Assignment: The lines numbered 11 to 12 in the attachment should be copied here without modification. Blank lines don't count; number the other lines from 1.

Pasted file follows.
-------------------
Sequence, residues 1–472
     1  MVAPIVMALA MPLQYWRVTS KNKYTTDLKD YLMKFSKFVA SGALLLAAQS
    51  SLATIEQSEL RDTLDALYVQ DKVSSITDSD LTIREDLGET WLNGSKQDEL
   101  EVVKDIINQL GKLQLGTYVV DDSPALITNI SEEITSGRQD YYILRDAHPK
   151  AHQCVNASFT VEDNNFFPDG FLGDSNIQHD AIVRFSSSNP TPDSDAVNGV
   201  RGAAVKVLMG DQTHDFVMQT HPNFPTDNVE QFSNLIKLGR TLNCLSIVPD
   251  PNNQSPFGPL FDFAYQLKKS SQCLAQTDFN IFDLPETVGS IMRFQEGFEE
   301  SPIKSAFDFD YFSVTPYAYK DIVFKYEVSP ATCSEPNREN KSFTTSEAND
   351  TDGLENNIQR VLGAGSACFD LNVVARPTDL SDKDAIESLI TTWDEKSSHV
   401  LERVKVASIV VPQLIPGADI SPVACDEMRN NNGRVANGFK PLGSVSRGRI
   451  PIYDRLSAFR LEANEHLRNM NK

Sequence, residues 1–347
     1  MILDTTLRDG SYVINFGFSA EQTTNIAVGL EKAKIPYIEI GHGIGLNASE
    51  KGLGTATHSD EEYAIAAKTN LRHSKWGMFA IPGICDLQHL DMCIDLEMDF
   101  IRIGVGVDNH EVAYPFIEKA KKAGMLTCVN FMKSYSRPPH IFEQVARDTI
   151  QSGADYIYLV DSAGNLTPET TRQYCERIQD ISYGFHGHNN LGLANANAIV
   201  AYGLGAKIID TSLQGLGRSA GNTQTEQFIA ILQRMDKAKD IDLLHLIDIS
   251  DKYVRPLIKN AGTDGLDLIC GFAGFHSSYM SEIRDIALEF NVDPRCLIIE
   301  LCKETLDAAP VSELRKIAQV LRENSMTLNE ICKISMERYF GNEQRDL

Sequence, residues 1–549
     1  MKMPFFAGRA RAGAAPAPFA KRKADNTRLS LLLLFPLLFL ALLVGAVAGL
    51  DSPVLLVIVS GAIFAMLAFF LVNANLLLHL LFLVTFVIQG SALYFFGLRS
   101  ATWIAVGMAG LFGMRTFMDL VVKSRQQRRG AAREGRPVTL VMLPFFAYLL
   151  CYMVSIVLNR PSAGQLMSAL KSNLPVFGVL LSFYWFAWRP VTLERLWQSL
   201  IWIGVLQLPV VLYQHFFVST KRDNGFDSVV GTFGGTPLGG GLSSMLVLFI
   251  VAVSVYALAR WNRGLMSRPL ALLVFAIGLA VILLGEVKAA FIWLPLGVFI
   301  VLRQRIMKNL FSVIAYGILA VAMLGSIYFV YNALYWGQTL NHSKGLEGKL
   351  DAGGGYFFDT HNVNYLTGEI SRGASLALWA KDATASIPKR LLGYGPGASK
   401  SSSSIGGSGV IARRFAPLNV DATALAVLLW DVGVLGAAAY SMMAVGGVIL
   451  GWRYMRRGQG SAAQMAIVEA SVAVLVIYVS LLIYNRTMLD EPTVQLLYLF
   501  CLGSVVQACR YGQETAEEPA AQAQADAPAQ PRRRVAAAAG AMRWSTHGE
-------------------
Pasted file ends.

   451  PIYDRLSAFR LEANEHLRNM NK

Sequence, residues 1–347